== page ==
Keeping up on SEO best practices is a difficult job for business owners and leaders: If you study online articles long enough, you’re almost sure to find completely contradictory advice! Few SEO topics are more misunderstood than keywords. You’ll hear it said that keywords no longer matter, that Google doesn’t need (or even want) exact keywords to match website contact with search queries. At the other extreme, you’ll hear it said that keywords are still everything to SEO, that despite what Google says or implies, tactical use of keywords makes or breaks the campaign.
As you might expect, the truth about SEO keywords is somewhere in the middle. Keywords are still extremely important for SEO, but other factors are in play that have significantly changed the way keywords should be handled in a campaign. Let’s take a look.
Keywords on the Page
When I started doing SEO copywriting in 2004, keyword handling was a very precise activity. There were strict guidelines for where keyword phrases should appear in the text of a webpage, and how often they were to be repeated. There were a certain number of keyword phrases that could be optimized for a given word count, and rules for how many variations of a keyword could be incorporated. Data suggested the more rigidly these rules were adhered to, the higher a page of content would rank — even if the content itself was flawed.
Today, this is not the case. Google has become much more adept at interpreting the quality and thematic sense of a webpage without having to rely on a complex, formulaic handling of keywords. At this point, using the page’s one or two primary keyword phrases once or twice on a page is usually enough. It’s still advisable to use keywords in page titles and subheads, but for keywords to make the desired impression on Google’s crawlers, the content must be high in quality and highly relevant to your targeted keywords.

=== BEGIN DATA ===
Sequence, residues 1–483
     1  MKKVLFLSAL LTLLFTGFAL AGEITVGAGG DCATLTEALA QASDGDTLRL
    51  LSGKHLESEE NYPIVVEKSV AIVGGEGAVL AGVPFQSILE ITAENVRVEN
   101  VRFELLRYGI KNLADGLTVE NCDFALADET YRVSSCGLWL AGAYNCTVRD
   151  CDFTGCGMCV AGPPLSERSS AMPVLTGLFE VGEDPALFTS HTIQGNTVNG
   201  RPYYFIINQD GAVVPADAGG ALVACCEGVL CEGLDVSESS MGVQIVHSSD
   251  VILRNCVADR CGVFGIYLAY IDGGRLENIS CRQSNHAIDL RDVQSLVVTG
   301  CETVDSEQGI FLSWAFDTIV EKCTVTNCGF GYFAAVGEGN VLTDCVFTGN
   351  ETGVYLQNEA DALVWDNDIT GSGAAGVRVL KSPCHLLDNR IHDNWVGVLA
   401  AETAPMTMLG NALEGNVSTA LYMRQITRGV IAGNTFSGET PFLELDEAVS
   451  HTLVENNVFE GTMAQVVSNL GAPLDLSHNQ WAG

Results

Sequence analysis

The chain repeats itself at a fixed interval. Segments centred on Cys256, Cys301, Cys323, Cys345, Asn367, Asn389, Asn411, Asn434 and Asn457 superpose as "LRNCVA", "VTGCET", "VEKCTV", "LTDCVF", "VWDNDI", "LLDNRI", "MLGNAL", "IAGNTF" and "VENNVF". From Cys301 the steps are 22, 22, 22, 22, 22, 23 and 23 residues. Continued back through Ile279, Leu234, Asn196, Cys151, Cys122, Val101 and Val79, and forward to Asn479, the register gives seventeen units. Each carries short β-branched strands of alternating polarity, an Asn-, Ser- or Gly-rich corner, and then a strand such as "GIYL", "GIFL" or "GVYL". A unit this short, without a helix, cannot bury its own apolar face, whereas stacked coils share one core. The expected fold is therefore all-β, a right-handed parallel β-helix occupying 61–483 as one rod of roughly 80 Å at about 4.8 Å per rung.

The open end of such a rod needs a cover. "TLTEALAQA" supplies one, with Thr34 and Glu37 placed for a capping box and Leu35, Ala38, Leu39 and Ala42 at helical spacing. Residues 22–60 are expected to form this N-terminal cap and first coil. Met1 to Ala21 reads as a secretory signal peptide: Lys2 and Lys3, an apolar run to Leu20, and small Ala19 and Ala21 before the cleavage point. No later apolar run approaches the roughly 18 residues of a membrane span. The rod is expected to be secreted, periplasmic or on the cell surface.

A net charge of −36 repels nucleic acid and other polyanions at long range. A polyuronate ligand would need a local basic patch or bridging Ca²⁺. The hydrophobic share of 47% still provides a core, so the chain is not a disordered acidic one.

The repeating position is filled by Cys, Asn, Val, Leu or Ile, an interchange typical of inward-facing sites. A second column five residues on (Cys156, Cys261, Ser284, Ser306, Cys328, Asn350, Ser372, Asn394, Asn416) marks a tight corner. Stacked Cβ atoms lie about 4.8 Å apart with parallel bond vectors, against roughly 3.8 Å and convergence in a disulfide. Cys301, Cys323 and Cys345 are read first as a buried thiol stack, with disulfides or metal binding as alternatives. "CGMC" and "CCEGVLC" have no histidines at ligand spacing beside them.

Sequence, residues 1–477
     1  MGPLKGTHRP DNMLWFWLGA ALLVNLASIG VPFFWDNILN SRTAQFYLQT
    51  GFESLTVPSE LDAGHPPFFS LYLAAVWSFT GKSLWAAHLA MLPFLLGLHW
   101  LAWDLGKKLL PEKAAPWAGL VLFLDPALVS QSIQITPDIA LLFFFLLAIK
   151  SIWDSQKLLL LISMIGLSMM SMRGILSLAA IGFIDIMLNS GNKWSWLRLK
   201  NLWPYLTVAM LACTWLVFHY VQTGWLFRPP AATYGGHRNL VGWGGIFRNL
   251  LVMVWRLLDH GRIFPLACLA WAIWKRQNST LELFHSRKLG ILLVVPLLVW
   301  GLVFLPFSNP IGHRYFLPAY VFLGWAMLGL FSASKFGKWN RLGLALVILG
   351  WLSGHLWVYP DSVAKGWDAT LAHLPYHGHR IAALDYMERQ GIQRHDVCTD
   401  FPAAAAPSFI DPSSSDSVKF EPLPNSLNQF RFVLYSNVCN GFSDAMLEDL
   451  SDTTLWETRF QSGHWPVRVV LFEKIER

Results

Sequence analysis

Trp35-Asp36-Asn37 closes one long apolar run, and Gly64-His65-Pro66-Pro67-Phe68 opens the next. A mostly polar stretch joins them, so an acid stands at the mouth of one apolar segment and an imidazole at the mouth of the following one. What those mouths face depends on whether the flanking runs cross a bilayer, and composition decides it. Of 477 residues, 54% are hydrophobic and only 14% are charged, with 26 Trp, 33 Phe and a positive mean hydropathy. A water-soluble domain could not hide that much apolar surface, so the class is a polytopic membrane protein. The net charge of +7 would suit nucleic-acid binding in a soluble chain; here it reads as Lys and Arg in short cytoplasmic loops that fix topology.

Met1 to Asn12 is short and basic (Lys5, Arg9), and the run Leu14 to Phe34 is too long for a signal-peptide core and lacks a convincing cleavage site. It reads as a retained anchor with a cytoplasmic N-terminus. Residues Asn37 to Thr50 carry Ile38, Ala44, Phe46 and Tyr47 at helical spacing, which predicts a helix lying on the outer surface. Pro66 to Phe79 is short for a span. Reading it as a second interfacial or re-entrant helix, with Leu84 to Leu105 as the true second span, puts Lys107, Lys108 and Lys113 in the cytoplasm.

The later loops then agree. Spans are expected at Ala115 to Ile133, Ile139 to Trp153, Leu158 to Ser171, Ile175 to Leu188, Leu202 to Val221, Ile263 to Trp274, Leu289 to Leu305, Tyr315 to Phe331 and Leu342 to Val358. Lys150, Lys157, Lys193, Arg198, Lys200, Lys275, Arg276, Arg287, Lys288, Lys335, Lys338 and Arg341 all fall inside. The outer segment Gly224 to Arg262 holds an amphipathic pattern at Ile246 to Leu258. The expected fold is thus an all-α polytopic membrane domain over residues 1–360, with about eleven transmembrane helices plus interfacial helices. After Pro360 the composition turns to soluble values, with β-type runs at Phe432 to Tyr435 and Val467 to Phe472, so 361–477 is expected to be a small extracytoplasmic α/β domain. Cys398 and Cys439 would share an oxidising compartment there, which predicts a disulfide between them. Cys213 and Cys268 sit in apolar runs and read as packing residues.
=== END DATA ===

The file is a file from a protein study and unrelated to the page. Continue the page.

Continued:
Keywords in Meta Tags
Meta information is coding on a webpage that human readers don’t always see, but Google crawlers do. Keyword treatment for SEO is a consideration for:
- Meta keywords, long overused and abused, no longer matter. So many people “stuffed” keywords into this field that Google stopped paying attention.
- Meta title tags, in contrast, continue to be extremely important. Title tags give Google a sense of what a webpage is about, and should be unique for every page and optimized with each page’s most important keyword. Title tags are seen by humans in the browser, giving them importance beyond SEO.
- Meta descriptions are snippets of text that appear under a link on Google’s search engine results pages (SERPs). These tags have no direct SEO impact, but are very important because they influence search engine users to click through on a link. Incorporating a page’s keywords in meta descriptions doesn’t hurt, but it’s more important to write them persuasively.
A final point to touch on is keyword selection. Trying to figure out which keywords to target in an SEO campaign has definitely become more complicated. Mobile search, and even more recently, voice search, are changing the words people use in their search queries. Mobile users tend to use fewer words than desktop users. Voice searchers tend to ask questions rather than input statements/phrases.
As the volume of mobile and voice search grows, keyword researchers will have to pay a great deal of attention to the sources of a website’s traffic. Organizations with a high percentage of mobile traffic, for instance, may want to target keywords most likely to be used on mobile devices. And, as people get more in the habit of framing search queries as questions, targeting keywords — and on-page content — that are in the form of questions will likely make a big difference in an SEO campaign’s success.
To discuss keywords and other aspects of SEO execution, contact us now.
About the author:
Brad Shorr brings decades of marketing, sales and management experience to the Straight North team as Director of B2B Marketing. With a lifelong passion for reading and writing, he has been an active and respected blogger since 2005. His firm, Word Sell, Inc. — acquired by Straight North in 2010 — was among the first to bring social media marketing concepts and strategies to the business community. A graduate of Northwestern University, Brad is a skilled SEO copywriter, social media marketer and content strategist.